By The007expert (The007expert) on Saturday, October 18, 2003 - 10:58 pm: Edit

Bobby443, you are correct. People who don't have high SAT scores are just looking at State Universities. But in the Midwest, everybody hardly knows what the SAT I/II is.

By Anduin (Anduin) on Sunday, October 19, 2003 - 02:46 am: Edit

What are you talking about, the007? That's possible because some Midwestern states favor the ACT, but virtually everyone who has been to college or has relatives who have gone to college or is currently playing the College Game is familiar with these standardized tests. I'm from the Midwest, and I first heard of the SAT when I was 6 or 7, if not younger.

By Sidis (Sidis) on Sunday, October 19, 2003 - 11:06 am: Edit

I heard about it a month before 16

By Beenthereil (Beenthereil) on Sunday, October 19, 2003 - 12:51 pm: Edit

Agree with you, And.

Anyone that can count to 10 and has aspirations of attending college has heard of the ACT and SATI/II.

By Ghostman (Ghostman) on Monday, October 20, 2003 - 01:43 am: Edit

1, 2, 3, 4, 5, 6, 7, 8, 9...uh oh, what comes after 9?


eek, i can't believe i got a 740 math IIC.

By Ageorgis (Ageorgis) on Monday, October 20, 2003 - 11:30 am: Edit

This is true unless you are transferring.

A student that can achieve a 4.0 average after 2 semesters at say George Washington University while "only" managing to score a ~1200ish on their SAT tests will no doubt be able to perform close in Ivy League schools.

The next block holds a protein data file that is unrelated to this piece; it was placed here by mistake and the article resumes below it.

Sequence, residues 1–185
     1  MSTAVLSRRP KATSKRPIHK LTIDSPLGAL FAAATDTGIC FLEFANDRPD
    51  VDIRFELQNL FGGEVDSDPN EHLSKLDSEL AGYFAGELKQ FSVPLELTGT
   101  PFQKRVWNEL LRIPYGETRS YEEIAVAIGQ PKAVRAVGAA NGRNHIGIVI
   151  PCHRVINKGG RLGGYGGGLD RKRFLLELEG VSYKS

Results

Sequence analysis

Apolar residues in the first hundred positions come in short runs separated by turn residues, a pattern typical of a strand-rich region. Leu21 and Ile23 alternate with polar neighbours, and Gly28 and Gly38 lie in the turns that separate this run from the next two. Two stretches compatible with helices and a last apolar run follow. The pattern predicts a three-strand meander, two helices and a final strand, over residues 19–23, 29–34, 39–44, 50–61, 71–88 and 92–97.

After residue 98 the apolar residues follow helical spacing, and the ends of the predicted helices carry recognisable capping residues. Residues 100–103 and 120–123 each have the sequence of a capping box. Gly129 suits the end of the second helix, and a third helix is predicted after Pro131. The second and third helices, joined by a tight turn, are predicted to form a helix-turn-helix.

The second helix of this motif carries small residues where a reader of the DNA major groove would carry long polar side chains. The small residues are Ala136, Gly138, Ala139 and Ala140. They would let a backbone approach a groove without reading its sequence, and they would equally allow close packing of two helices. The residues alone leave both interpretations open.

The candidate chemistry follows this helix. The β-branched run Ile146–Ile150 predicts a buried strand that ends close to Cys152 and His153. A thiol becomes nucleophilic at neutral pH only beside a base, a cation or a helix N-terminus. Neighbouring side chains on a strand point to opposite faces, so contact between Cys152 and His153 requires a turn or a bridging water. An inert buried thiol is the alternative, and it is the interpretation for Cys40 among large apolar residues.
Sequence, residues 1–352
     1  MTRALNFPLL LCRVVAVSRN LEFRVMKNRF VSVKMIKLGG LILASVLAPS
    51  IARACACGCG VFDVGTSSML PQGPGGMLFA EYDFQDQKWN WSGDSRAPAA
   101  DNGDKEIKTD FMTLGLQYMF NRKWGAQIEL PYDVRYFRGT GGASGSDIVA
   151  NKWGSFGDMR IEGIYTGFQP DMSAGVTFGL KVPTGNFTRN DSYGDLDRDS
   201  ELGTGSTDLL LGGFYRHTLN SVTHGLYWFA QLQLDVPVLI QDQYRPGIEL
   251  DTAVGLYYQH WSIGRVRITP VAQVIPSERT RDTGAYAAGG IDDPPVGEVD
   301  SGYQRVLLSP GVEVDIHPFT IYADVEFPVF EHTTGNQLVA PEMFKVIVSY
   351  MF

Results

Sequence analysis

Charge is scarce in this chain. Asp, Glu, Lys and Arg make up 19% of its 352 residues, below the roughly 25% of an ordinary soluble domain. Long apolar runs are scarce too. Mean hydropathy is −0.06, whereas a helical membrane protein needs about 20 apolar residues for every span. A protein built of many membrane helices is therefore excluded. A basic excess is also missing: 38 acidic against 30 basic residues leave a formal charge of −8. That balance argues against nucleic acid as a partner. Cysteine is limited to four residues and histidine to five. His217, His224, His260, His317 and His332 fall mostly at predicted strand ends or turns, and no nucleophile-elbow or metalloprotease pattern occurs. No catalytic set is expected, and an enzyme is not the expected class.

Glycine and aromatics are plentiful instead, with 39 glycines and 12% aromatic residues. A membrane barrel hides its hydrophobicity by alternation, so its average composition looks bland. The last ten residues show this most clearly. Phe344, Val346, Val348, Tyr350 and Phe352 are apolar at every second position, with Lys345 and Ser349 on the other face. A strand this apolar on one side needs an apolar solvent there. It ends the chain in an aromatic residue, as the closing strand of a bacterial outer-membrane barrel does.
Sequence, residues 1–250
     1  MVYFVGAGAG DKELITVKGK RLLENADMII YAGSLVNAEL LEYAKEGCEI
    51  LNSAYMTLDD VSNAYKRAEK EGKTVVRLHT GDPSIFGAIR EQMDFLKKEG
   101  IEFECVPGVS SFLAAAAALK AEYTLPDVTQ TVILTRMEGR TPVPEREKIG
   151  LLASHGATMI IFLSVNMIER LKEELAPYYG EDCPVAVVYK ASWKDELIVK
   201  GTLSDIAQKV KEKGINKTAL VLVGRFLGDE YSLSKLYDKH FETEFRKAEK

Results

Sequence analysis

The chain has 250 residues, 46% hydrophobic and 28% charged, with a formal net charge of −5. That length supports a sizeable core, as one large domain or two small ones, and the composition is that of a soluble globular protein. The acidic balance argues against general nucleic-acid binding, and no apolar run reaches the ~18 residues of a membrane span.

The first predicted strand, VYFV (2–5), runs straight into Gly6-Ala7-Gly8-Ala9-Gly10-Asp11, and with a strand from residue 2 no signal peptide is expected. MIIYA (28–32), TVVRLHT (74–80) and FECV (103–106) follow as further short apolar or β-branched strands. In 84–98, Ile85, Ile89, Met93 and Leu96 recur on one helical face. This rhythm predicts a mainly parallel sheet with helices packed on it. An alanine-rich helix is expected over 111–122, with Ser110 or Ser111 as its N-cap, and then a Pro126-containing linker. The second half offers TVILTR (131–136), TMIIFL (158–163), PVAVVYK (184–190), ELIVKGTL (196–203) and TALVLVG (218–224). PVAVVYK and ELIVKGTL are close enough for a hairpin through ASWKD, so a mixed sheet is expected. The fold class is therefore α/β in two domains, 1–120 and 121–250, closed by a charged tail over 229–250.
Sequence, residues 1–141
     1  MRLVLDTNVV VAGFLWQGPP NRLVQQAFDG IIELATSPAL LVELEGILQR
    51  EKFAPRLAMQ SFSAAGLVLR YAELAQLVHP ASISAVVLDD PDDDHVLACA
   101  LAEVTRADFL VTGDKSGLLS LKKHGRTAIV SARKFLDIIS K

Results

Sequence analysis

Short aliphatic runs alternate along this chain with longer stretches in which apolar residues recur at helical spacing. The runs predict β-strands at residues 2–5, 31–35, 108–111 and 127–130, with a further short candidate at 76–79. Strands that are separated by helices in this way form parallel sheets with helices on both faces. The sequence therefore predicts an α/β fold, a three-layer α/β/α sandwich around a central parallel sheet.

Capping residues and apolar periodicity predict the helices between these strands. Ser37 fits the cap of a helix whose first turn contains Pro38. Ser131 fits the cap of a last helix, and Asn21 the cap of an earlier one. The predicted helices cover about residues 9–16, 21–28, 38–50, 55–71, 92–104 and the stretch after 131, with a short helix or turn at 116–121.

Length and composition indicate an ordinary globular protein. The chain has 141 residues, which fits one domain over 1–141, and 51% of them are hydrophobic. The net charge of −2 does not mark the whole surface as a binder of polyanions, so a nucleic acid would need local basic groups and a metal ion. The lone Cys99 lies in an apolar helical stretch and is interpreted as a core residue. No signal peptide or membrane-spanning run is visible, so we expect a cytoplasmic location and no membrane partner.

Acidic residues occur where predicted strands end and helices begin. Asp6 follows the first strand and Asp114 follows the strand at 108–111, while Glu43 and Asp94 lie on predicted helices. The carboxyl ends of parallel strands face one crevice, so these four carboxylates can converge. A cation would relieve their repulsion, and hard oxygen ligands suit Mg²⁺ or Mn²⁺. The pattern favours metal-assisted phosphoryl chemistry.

The SAT measures how well you will perform during your Freshman year in college.

If you have a low SAT score, but manage to get the highest possible GPA at a relatively decent school, it's fairly obvious that the SAT is meaningless in showing those Ivies what you are capable of. I'd say that your GPA would tell the story all by itself.

By Massdad (Massdad) on Monday, October 20, 2003 - 02:18 pm: Edit

Ageorgis,

You said "If you have a low SAT score, but manage to get the highest possible GPA at a relatively decent school, it's fairly obvious that the SAT is meaningless in showing those Ivies what you are capable of. I'd say that your GPA would tell the story all by itself."

Interestingly, College Board research found that, in the case you describe, the correlation between SAT score, HS GPA and first year college grades was horrible. The study looked at SAT scores discordant with GPA. So no, the discrepancy is NOT meaningless. Rather, it is a big watch out to any adcom who has read the College Board's own research.

Please do not be misled by College Board propaganda. They claim the SAT predicts first year performance. Their own published research shows that HS grades predict college freshman grades with a validity coeffecient of between .3 and .6 (the latter is derived with many corrections). The SAT adds only 0.1 to any of these. A big part of the reason for the small increment is that HS grades and SAT score are highly correlated. Nonetheless, the SAT does not add much predictive information.

By Folk_Hero (Folk_Hero) on Monday, October 20, 2003 - 03:17 pm: Edit